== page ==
How long will Ukraine have Christmas on January 7th?


Eastern Europe

Evert van Vlastuin, CNE.news

Ukrainian kids are celebrating Christmas on January 7th. Photo EPA, Sergey Dolzhenko

Today, the four weeks of Nativity fasting will end as the first star is in the sky. And then tomorrow, January 7th will be Christmas for the Orthodox Churches in the East of Europe. But in Ukraine, a part of the church is pleading for changing to December 25th.

The Western church had Christmas already on December 25th. This difference in dates has to do with another calendar. The East uses the Julian calendar, the West the Gregorian. The Western calendar is 13 days ahead of the Julian. The history of this is so long and complicated, as Ria Novosti shows again, that it is not to be expected that this will change soon.

The (Western) Roman Catholic Church will have the feast of the Baptism of Jesus (Theophany) on January 7th. Some sources say that birth and baptism were initially celebrated on the same day.

Two church families went their own way

After the Great Schism in the year 1054, the two church families went their own way. In the West, the feast of the Nativity (Christmas) became the most important. In the East, this happened with the feast of the Resurrection (Easter), as Orthodox Christianity explains.

Tonight, as soon as the first star appears, everybody knows that the Christmas Eve service starts. That means you can go to the “temple” or stay at home and have your own liturgy. This all comes from the old times without watches. Other sources see in this star a representation of the Biblical star of Bethlehem.

Christmas takes one day, January 7th. But the so-to-say “Christmas season” will remain until the 19th. In the coming 12 days, the nativity of Christ is hymned in the church.

Ukraine a region, no country

In most countries, it is no question what date Christmas is celebrated. It is either December 25th or January 7th. But the question arises in ‘border’ countries where the Western and Eastern traditions meet (and even overlap). In Poland and the Czech Republic, the Orthodox Churches will celebrate Christmas on a different day as the Roman Catholics.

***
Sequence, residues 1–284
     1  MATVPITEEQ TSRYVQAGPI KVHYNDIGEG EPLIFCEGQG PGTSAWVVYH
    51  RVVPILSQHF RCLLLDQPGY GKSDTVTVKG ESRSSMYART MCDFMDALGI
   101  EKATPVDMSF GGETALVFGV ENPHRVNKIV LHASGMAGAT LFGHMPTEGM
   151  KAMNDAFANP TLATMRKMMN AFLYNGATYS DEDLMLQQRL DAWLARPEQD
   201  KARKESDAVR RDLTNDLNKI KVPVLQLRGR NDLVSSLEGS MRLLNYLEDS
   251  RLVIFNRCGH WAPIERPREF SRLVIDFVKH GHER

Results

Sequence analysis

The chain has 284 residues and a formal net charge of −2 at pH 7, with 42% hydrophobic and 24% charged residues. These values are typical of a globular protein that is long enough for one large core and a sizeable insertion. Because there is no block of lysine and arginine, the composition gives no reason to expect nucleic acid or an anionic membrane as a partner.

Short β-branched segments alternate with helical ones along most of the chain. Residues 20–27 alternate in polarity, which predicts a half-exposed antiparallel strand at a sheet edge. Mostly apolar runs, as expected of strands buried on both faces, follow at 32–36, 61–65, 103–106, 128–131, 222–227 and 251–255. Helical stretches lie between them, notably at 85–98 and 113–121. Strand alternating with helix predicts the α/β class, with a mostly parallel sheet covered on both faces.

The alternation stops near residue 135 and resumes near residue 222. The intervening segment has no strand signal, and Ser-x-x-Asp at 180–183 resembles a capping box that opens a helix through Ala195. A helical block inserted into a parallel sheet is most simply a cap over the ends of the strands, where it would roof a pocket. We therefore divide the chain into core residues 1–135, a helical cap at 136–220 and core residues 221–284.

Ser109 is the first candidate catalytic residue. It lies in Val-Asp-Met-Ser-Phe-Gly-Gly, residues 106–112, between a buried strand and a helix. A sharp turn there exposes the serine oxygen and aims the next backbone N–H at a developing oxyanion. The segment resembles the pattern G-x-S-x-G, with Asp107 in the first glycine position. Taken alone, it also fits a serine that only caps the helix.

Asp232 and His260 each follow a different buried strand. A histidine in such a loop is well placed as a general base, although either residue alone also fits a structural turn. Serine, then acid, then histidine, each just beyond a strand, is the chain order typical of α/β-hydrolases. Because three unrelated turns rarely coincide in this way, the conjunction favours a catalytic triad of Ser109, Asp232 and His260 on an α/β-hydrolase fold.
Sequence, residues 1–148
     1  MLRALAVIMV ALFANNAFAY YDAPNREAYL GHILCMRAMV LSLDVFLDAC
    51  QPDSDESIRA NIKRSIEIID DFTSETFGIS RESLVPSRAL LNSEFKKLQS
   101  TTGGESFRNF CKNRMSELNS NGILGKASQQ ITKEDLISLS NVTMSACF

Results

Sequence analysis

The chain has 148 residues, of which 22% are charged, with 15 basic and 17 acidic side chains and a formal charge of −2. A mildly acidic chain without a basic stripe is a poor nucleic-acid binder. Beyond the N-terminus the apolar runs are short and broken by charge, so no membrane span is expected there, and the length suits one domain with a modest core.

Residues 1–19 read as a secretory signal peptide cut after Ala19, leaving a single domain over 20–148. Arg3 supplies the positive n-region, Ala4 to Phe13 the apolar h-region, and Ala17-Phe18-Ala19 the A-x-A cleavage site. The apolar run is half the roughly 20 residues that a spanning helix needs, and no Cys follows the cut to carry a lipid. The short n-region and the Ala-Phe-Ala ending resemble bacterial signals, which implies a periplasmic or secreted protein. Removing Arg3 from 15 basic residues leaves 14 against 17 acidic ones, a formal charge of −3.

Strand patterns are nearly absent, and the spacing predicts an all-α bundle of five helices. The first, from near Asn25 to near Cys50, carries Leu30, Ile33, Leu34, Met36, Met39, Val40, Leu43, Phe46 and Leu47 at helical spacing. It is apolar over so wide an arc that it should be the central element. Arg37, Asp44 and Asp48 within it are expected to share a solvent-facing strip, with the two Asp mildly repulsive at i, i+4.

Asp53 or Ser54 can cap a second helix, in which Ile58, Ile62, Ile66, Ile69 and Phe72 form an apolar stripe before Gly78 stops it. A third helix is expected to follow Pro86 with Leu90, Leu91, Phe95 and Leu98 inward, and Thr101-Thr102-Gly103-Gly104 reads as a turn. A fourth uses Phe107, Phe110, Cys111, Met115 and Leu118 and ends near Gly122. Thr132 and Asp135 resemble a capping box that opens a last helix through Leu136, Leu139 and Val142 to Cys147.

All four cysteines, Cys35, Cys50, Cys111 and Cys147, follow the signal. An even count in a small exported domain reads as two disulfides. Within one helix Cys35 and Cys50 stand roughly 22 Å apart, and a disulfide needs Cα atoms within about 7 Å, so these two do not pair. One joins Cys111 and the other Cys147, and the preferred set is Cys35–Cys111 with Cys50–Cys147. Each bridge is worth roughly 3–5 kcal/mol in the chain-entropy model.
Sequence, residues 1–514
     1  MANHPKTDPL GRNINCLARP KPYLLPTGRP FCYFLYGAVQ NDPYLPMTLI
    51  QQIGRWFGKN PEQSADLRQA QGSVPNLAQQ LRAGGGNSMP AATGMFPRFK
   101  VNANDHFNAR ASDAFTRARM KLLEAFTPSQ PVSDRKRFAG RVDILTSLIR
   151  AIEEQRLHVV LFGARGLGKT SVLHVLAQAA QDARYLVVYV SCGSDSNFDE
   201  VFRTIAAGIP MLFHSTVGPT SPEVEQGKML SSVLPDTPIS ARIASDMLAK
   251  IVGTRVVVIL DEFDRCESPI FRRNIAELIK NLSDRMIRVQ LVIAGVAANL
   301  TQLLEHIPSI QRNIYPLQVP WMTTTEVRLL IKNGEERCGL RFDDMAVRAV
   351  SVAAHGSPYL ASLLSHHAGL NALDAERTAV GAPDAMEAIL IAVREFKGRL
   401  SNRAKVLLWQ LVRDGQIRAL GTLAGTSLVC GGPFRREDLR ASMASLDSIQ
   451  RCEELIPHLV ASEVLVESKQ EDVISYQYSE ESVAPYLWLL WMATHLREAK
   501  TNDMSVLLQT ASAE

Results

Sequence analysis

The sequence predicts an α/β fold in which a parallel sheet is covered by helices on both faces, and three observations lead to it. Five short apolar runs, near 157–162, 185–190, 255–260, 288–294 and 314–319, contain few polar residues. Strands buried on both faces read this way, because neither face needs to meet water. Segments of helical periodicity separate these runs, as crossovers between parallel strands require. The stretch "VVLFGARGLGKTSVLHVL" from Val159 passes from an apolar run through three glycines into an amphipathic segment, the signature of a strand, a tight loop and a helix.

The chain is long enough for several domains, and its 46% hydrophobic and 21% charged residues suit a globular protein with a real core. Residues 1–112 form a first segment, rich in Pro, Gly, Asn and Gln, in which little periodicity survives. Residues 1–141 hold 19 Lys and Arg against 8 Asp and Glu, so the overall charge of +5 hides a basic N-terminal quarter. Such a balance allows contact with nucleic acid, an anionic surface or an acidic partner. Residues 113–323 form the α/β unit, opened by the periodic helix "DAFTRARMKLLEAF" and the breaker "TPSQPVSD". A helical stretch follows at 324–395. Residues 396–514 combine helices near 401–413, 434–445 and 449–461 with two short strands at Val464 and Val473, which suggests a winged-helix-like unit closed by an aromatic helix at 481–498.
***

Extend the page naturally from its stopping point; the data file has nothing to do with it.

Ukraine is such a border country growingly. Traditionally, this was the country where the cradle of the Russian culture stood. The Russian nation was born in Kiev and in Crimea, not in Moscow or St. Petersburg.

But 30 years ago, in 1991, this country became independent. That independence was signed for by Russia, the USA and other nuclear powers in the Memorandum of Budapest in December 1994. But clearly, Russians like President Putin never really accepted this. At the NATO Summit in 2008 in Bucharest, he shocked some colleagues by saying that Ukraine was not a country but a region in the Russian Federation.

Western influence strong

But in Ukraine itself, the Western influence has been robust since 1991. The current President Zelensky is even in favour of NATO membership. The many Protestant churches in Ukraine and the Roman Catholic Church have Christmas already in December.

In that context, it is no surprise that the leader of the Kiev Patriarchate, Metropolitan Epiphanius, is pleading for a change of the Christmas date. Three weeks ago, he said in a TV interview that he would favour Christmas on December 25th. That was clearly a choice for a more Western style.

Opinion research shows that only a quarter (26 per cent) of the population is supporting a change, as reported by Religion in Ukraine. A majority (58 per cent) is against. Seven out of ten Ukrainians (71 per cent) are celebrating Christmas in January; only 4 per cent in December. Oddly enough, 18 per cent has Christmas twice. Only 6 per cent does not celebrate Christmas at all.

Poll suits Moscow

The opinion poll results fit in the agenda of that part of the Ukrainian church that is faithful to Moscow. Therefore, the church was eager to publish this news on her own website.

At the moment, the Ukrainian Orthodox Church is split into two. One part sticks to the old situation under the Moscow Patriarchate (MP). Still, another part chooses the new, autonomous church under the Kiev Patriarchate (KP). According to the KP leader, Metropolitan Epiphanius, about 700 parishes chose Kiev, as LB.ua reports. That is about 10 per cent of the total of 7,000 parishes.



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